To J. D. Hooker 23 [April 1861]1
Down Bromley Kent
My dear Hooker
I was very glad to get your letter this morning (to which I wrote brief answer), though it contained so melancholy an account of poor dear & honoured Henslow.2 How strange & pathetic an account you give of his mental state; & how his kind feelings shine out.3 He truly is a model to keep always before one’s eyes. How I wish his sufferings were closed in the long & tranquil sleep of death. It must be very depressing to you, & I am glad you can read & think on other subjects.—
I quite agree with what you say on Lieut. Hutton’s Review (who he is, I know not):4 it struck me as very original: he is one of the very few who see that the change of species cannot be directly proved & that the doctrine must sink or swim according as it groups & explains phenomena. It is really curious how few judge it in this way, which is clearly the right way. I have been much interested by Bentham’s paper in N.H.R;5 but it would not of course from familiarity strike you, as it did me. I liked the whole,—all the facts on the nature of close & varying species. Good Heavens to think of the British Botanists turning up their noses & saying that he knows nothing of British plants!6 I was, also, pleased at his remarks on classification, because it showed me that I wrote truly on this subject in the Origin.—7 I saw Bentham at Linn. Socy. & had some talk with him & Lubbock & Edgeworth, Wallich several others.—8 I asked Bentham to give us his ideas of species: whether partially with us or dead against us, he would write excellent matter. He made no answer, but his manner made me think he might do so, if urged; so do you attack him.9 Everyone was speaking with affection & anxiety of Henslow.—
I dined with Bell at Linn. Club,10 & liked my dinner: though it must be confessed they are rather a poor set of muffs, & I sat by the muffiest, viz Miers.—11 But dining out is such a novelty to me that I enjoyed it. Bell has a real good heart.— I liked Rolleston’s paper, but I never read anything so obscure & not self-evident as his “cannons”.12 I had a dim perception of the truth of your profound remark, that he wrote in fear & trembling “of God, man & monkeys”, but I would alter it into God, man, Owen & monkeys.—13 Huxley’s letter was truculent & I see that everyone thinks it too truculent;14 but in simple truth I am become quite demoniacal about Owen, worse than Huxley, & I told Huxley that I shd. put myself under his care to be rendered milder.15 But I mean to try to get more angelic in my feelings; yet I never shall forget his cordial shake of the hand when he was writing as spitefully as he possibly could against me.16 But I have always thought you have more cause than I to be demoniacally inclined towards him.—17 Bell told me that Owen says that the Editor mutilated his article in Edinburgh R.18 & Bell seemed to think it was rendered more spiteful by Editor; perhaps the opposite view is as probable: Oh dear this does not look like becoming more angelic in my temper.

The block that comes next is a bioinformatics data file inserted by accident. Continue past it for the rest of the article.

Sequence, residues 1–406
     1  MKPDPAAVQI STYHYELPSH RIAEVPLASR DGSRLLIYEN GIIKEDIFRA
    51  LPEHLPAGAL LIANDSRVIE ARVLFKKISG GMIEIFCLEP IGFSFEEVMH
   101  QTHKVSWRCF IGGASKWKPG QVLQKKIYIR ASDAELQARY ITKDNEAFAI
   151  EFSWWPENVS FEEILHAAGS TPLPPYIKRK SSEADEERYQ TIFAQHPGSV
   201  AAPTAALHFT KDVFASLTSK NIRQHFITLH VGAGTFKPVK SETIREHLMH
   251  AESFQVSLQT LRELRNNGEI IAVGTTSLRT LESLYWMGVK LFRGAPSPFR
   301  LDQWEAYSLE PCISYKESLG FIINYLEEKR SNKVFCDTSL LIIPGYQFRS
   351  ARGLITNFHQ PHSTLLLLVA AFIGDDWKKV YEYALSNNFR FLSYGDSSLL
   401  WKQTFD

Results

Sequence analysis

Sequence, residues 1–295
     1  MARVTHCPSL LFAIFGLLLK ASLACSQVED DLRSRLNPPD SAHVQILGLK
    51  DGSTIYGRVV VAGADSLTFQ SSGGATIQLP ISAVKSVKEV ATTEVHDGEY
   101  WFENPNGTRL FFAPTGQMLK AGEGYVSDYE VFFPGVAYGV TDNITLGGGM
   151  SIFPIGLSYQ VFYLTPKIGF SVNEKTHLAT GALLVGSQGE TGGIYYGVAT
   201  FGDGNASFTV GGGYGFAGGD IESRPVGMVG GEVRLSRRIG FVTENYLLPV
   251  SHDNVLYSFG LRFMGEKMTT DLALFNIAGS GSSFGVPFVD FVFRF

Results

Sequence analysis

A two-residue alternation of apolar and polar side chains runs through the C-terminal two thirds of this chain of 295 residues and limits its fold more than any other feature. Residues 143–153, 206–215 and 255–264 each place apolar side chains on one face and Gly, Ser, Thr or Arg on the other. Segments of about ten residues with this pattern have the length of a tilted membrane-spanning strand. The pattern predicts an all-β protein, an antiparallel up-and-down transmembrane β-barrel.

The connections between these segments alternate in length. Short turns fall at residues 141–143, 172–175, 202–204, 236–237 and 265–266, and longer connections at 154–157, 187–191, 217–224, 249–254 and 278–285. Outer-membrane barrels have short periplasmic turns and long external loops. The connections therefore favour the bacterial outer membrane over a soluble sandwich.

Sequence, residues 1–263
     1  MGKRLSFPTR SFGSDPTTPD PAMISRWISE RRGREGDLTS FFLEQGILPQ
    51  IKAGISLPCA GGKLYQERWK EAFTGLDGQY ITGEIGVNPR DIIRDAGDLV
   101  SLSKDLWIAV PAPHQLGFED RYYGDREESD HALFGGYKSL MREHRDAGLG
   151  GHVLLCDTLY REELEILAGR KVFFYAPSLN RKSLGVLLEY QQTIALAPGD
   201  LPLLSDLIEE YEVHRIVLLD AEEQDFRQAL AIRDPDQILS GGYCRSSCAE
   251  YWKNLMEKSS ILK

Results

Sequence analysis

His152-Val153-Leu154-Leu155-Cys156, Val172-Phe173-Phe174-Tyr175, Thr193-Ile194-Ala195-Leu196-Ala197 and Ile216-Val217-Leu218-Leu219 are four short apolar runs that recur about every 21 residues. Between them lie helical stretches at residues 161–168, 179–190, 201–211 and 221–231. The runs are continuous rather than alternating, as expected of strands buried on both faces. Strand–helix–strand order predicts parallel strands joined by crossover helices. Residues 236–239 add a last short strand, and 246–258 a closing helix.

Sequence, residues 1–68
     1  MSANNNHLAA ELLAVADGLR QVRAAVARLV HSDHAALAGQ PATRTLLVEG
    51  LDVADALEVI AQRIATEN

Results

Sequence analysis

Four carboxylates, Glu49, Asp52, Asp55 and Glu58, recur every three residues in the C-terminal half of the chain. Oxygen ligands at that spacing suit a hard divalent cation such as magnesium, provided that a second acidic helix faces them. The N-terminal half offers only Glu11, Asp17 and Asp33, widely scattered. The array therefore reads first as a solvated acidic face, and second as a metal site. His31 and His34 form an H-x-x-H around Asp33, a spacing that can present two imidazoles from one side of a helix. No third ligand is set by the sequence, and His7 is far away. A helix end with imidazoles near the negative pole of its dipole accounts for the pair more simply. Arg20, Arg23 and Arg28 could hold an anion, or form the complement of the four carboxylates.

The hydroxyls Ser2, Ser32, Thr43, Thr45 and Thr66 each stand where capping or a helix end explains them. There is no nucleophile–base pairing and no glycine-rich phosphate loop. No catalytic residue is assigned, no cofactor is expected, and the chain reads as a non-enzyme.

I had splendid long talk with Lyell (you may guess how splendid, for he was many times on his knees with elbows on sofa & rump high in air) on his work in France: he seems to have done capital work in making out age of the celt-bearing beds; but the case gets more & more complicated. All, however, tends to greater & greater antiquity of man. The shingle beds seem to be estuary deposits.—19
I called on R. Chambers at his very nice house in St John’s wood & had very pleasant half-hour’s talk:20 he is really a capital fellow. He made one good remark & chuckled over it, that the Laymen universally had treated the controversy on the Essays & Review, as a merely professional subject & had not joined in it, but had left it to the Clergy.—21
I shall be anxious for your next letter about Henslow.
Farewell with sincere sympathy | My old friend | C. Darwin
P.S. We are very much obliged for London R.22 We like reading much of it, & the science is incomparably better than in Athenæum. You shall not go on very long sending it, as you will be ruined by pennies & trouble. But I am under a horrid spell to the Athenæum & Gardeners Chron, both of which are intolerably dull, but I have taken them in for so many years, that I cannot give them up. The Cottage Gardener for my purpose is now far better than G. Chronicle23
Lieut. F. W. Hutton’s original review [Geologist 4 (1861): 132–6, 183–8] understands that mutability cannot be directly proved.
CD met Bentham at Linnean Society and asked him to write up his views on mutability.
Opinion of Owen.
Conversation with Lyell on antiquity of man.
- positive attitude/assessment
- queries / requests
- reception of Darwinism
- theory (including philosophy)
- time, ‘inorganic’ (geological, historical)
Please cite as
Darwin Correspondence Project, “Letter no. 3098,” accessed on 1 May 2016, http://www.darwinproject.ac.uk/DCP-LETT-3098